What is SMED (Single-Minute Exchange of Die)?
A company’s efficiency is one of the best indicators of its viability and chances of financial success. Broadly speaking, every business’ ultimate goal is to create as much output (products or services) at as little resource cost (money, time, materials) as possible.
There have been many strategies developed to try and help achieve that goal by streamlining processes and simplifying tasks. But few are as well known and loved as the Single-Minute Exchange of Die (SMED) approach.
In this article, we’ll discuss the what, who, why, when, and how of SMED. More specifically:
- What is SMED?
- Why is SMED so popular?
- When should you consider SMED?
- How can you use SMED for your business?
What is SMED?
As mentioned above, the abbreviation stands for “Single-Minute Exchange of Die”. In the context of this phrase, “die” means a specialized tool for manufacturing a specific product. Factories that want to use a single assembly line for producing multiple items often need to change dies, which is a hard and time-consuming process.
Shigeo Shingo, a Japanese engineer working at Toyota, noticed the issue and wanted to do something about it. In 1969, he came up with a set of processes that could shorten the time needed to change dies to under 10 minutes – in other words, a single digit. The practice spread overseas and became known as Single-Minute Exchange of Die, or SMED for short.
However, despite the language used, SMED did not stay confined to the manufacturing sphere for long. Nowadays, companies in the service industries (health, hospitality, etc.) also use SMED to boost their output and performance.
The 3 basic principles of SMED consist of:
- Dividing processes into “internal” and “external” elements
By Shingo’s definition, internal elements are processes that can only be completed while the machines are stopped. External elements on the other hand are steps that can be fulfilled even while production is running.
- Converting internal elements into external ones
This can be done either via change in procedure or alterations made to the machinery.
- Streamlining remaining internal elements
Some actions can’t be transformed into external elements, and can only ever be completed during machine downtime. These must be optimized to achieve the best possible results.
Why is SMED so popular?
One of the reasons why SMED became so popular is that Shingo was supposedly able to use it to boost companies’ efficiency on average by 94%. Combined with its other benefits, it’s clear why so many businesses sought to replicate Shingo’s success.
SMED’s benefits include:
- lower manufacturing costs
- higher efficiency
- smaller lot sizes
- lower inventory levels
- improved responsiveness to customer demands
- smoother operation startups
- and more
However, despite all of these advantages, SMED does not fit every company. You should carefully consider if it is right for you, especially if you’re a business operating outside the realms of manufacturing.
When should you consider SMED?
In spite of its many benefits, SMED is not a magical wand. It has its limitations, which can make or break it for your company’s use-case. So, before you settle on onboarding it into your operations, you should consider the following:
- Do you have processes SMED can improve?
As mentioned, SMED works best for manufacturing. It’s primarily focused on large assets, and recurring or one-time work orders.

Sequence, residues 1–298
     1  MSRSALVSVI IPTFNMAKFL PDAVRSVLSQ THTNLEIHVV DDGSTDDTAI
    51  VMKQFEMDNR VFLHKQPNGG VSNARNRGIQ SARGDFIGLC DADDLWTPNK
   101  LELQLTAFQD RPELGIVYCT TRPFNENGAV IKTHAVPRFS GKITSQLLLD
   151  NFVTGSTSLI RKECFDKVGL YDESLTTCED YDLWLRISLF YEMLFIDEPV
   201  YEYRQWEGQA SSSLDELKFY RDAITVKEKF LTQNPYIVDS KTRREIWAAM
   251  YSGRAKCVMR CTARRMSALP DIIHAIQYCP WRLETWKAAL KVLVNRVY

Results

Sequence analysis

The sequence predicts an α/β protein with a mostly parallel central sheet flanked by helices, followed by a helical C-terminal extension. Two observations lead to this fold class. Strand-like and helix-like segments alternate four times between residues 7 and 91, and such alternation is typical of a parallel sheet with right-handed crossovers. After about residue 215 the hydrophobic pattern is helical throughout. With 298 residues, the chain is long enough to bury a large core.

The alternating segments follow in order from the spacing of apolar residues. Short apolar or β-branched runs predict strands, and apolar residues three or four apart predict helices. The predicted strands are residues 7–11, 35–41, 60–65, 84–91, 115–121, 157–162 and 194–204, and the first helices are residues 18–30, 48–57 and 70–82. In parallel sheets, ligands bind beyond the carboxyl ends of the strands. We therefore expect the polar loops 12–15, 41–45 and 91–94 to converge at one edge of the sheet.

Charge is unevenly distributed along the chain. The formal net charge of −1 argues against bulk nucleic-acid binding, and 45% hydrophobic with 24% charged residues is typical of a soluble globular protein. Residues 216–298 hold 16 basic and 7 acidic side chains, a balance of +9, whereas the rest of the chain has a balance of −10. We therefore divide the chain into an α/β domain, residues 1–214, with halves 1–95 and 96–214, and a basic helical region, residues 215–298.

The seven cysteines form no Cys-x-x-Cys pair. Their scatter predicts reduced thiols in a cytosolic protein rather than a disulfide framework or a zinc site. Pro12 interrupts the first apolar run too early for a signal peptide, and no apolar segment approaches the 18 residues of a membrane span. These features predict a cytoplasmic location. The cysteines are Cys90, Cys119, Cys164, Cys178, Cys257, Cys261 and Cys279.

- Do you have the means to keep to the standardized processes?
SMED only works efficiently when all work requirements are fully and perfectly completed. This makes SMED particularly difficult to achieve due to the human element. Negligence, mistakes, and unfamiliarity with the processes all affect the outcomes you’ll see.
If you answered “yes” to both these questions, then you can start looking at incorporating SMED into your company activities.
How can you use SMED for your business?
Once you’re settled on improving your work processes with SMED, you’ll need to create your strategy. This can be broken down into 5 distinct steps:
- Identify the process(es) that need SMED the most
Not all processes are equal. If you want to make noticeable improvements to your operations, you’ll need to target processes where SMED can realistically make a change. However, a word of warning – do not set your goals too high to begin with.
If one of your processes takes on average 10 hours, it’s not realistic to cut it down to 9 minutes. Temper your expectations and strive for the best.[Text Wrapping Break]
- Separate internal and external activities
As mentioned before, SMED divides parts of your process into internal and external activities. Write down everything that needs to happen for your process to be completed. Then, start looking for activities your workers can achieve even while the machinery is running.
- Convert internal activities into external ones
Next, consider the internal activities you identified in the previous step. Can any of them be transformed into external ones? Keep in mind every action you convert will significantly improve your efficiency.
- Create a standardized process
Once there are no more improvements to be made, write down everything you’ve learned. Create a guide on how to complete this new and improved process and couch your employees on it.
- Train your team and continue improving
Continue working with your employees to erase any mistakes, unnecessary delays, and more. Review your standardized process periodically and see if you can’t make any further improvements.
SMED is an effective and historically significant way of improving your company’s efficiency. However, incorporating it into your operations can be sometimes difficult. So, before you jump head first into this endeavour, assess the state of your equipment with Resco’s Machine Maintenance Checklist. You may find that the issue you’re experiencing stems from a malfunction, rather than a lack of efficiency.